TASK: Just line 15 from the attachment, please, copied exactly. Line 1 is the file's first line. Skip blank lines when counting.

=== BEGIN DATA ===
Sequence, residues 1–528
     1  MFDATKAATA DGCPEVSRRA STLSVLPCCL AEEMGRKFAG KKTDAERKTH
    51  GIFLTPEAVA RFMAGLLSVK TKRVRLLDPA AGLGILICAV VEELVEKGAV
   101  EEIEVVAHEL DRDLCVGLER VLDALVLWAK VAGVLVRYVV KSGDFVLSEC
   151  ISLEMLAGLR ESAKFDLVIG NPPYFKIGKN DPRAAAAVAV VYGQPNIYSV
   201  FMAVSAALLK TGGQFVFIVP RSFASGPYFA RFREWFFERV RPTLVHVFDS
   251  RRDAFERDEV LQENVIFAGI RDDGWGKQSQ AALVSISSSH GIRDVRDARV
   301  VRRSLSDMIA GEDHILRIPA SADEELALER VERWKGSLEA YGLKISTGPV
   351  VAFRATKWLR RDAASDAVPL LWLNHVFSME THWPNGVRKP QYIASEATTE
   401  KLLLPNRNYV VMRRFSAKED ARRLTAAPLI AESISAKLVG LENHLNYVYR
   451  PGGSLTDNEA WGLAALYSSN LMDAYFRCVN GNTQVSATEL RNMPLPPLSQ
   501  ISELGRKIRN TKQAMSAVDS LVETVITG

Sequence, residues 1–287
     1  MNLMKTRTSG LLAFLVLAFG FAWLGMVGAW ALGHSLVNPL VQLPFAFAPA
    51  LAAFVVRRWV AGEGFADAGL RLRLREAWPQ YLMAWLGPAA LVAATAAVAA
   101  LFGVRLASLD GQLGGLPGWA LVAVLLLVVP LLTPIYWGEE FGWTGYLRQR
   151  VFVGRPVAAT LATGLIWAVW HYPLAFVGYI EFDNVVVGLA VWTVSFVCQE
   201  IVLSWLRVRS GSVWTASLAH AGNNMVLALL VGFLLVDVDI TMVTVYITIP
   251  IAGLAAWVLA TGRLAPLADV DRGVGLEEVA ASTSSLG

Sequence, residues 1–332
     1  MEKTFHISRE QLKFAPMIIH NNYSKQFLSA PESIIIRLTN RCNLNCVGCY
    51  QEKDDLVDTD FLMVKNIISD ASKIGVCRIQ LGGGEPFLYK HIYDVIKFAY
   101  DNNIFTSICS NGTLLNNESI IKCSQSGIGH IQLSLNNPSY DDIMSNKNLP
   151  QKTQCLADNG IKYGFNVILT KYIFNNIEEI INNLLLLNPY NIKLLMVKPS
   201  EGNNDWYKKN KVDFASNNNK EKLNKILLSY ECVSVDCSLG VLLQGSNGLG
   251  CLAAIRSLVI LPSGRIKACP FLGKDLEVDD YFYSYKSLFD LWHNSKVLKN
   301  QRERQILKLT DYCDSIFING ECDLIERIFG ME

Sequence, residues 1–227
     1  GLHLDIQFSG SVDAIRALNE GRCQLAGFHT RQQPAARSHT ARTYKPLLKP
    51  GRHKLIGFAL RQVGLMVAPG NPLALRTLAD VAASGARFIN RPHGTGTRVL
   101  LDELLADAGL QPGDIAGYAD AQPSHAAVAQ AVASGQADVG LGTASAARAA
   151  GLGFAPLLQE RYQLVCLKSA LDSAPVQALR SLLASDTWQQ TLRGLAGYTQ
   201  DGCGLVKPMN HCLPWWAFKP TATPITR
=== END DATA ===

    51  LAAFVVRRWV AGEGFADAGL RLRLREAWPQ YLMAWLGPAA LVAATAAVAA